Zimbabwe

Zimbabwe: Hunting for good garbage to eat

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HARARE, 5 November 2008 (IRIN) - Desperate entrepreneurs are scouring rubbish dumps, abattoirs and poisoned waterways for scraps of food to eat or sell to other equally hungry Zimbabweans in a bid for survival.

The implicit health hazards of rotting food and fish are a secondary concern to Saidi Arufandika, 60, who regularly cycles 34km from the dormitory town of Chitungwiza to the capital, Harare, to sift through the garbage at Mbare Musika market, where the traders discard heaps of tomatoes, cabbages, carrots and potatoes as unsuitable for sale.

"I have joined many other people in scrounging for food at this dumping site, because that is my only way of ensuring that my grandchildren have food," Arufandika told IRIN. "For my age, cycling almost 70km a day is very taxing, but that is the only way of beating the hunger that we are facing."

At home he picks through the best of his harvest to feed his bed-ridden son and three grandchildren left in his care after his two daughters left home to become sex workers.

The excess food is dried in the sun to disguise its rotten state and sold in the neighbourhood, where he finds a ready market, as few people can afford to buy fresh vegetables.

"I have been coming to Mbare since February this year. I made the decision after my grandchildren went for two days surviving on water alone," said Arufandika, whose monthly pension has been made worthless by the country's official inflation rate of 231 million percent.

His Chitungwiza neighbour, John Murombedzi, 48, has cast his net wider in his effort to survive. "I have a tight schedule in which I alternate between visiting the garbage sites in Mbare, waiting for offals and other meat products that are thrown away at a nearby abattoir, and going around the lakes close to Harare to look for fish," he told IRIN.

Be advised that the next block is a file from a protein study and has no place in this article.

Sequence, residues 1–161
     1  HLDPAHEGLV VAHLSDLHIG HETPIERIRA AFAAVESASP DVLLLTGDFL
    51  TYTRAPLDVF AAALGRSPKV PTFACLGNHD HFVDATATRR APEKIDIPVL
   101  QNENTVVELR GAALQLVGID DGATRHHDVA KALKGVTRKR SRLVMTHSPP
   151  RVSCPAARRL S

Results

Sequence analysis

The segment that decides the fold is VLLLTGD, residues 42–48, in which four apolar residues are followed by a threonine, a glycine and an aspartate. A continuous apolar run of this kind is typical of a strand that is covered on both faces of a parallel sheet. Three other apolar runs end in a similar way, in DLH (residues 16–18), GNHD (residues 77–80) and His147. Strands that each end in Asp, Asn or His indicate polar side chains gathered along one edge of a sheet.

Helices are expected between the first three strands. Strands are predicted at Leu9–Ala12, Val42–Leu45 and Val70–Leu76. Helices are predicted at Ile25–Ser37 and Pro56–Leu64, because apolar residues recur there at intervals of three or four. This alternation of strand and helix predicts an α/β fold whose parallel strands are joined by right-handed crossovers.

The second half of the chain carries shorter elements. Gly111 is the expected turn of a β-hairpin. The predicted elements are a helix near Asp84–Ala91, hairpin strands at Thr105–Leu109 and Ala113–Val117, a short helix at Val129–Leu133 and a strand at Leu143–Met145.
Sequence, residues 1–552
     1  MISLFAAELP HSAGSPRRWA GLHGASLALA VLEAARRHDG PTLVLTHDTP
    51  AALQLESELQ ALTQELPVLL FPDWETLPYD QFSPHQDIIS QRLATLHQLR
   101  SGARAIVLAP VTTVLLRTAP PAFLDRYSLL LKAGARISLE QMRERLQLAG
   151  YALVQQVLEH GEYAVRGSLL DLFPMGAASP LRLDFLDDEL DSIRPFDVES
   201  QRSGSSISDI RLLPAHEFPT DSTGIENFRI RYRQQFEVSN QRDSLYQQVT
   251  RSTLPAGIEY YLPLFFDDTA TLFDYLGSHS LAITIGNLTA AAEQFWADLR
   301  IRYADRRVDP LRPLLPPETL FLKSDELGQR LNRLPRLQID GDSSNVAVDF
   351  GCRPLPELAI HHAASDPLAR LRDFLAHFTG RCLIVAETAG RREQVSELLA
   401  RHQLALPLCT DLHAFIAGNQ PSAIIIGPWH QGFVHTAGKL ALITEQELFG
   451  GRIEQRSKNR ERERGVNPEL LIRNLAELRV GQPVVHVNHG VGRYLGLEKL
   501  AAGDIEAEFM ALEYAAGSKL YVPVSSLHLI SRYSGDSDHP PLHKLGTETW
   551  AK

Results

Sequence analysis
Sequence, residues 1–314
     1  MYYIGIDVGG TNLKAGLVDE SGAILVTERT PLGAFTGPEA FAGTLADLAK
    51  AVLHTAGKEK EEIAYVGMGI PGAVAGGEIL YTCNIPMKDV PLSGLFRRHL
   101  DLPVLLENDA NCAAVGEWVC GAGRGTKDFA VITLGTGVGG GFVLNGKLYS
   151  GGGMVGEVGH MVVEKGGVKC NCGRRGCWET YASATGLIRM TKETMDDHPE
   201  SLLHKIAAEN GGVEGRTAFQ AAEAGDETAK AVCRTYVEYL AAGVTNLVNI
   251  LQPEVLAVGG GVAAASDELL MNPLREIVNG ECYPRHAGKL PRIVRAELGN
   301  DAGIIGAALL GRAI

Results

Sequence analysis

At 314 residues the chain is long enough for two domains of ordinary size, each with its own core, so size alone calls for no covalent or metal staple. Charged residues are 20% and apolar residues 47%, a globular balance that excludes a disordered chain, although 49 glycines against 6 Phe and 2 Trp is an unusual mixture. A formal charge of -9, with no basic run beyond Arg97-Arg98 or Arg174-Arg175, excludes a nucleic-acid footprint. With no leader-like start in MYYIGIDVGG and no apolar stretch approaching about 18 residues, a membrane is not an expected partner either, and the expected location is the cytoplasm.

Murombedzi combs the shores of the reservoirs, picking up fish succumbing to oxygen depletion in weed-choked waterways, and uses some of the catch for his own consumption and then sells the remainder at informal drinking establishments.

"My clients do not know that the fish I sell to them would have died of poisoning, and that the offals are collected from a garbage site. Even though I sometimes feel bad about it, I have come to the conclusion that it is better to ensure my own survival than to be honest to others," he said.

Occasionally the abattoir's owner has given him animal hides, "but no-one is making shoes in Zimbabwe these days, so I carefully work the hide and boil it thoroughly to sell as meat to beer drinkers." Murombedzi suspects that his are not the only such acts of "dishonesty" and that others are doing the same to stay alive.

His 13-year-old son has been battling cholera, an easily treatable waterborne disease that spread through Chitungwiza, claiming several lives as a consequence of interrupted water supplies and sewer pipe bursts left unrepaired.

"Water supplies are so irregular where I stay and in some cases I am forced to give my children food that would not have been properly washed. My son could have died due to cholera. Ours is a vicious cycle of hunger, death and the struggle to survive," he said.

"Hunger in urban areas, like food insecurity in rural areas, is spiralling out of control and the scale of need is shocking," Fambai Ngirande, spokesperson for the National Association of Non-Governmental Organisations (NANGO), told IRIN.

The UN predicts that more than 5.1 million people, or nearly half the country's population, will require emergency food assistance in the first quarter of 2009.

"The issue of food insecurity in Zimbabwe, from the perspective of humanitarian organisations, has largely tended to have rural dimensions, and even though there is focus on vulnerable groups of society in towns and cities, more attention has been given to rural communities," Ngirande said.

He said increasing hunger and poverty in urban areas could easily cause civil unrest, and blamed the government, which recently accused NGOs of hoarding food in order to create discontent among the people.

"The government ought to re-engage the international community in good faith because without that, people are going to die. As it is, a lot of uncertainty surrounds the next harvests because there are no inputs for the current farming season, Ngirande said.

Renson Gasela, an agriculture expert and spokesman on the sector for the opposition the Movement for Democratic Change, told IRIN: "The reality for urban areas is that there are those who are living comfortably - mostly through hook and crook - but they belong to the minority, and there are those that are struggling to put food on the table.

"Tension is growing, and one day they might take to the streets in protests, despite the presence of big guns and tear gas."

fm/go/he

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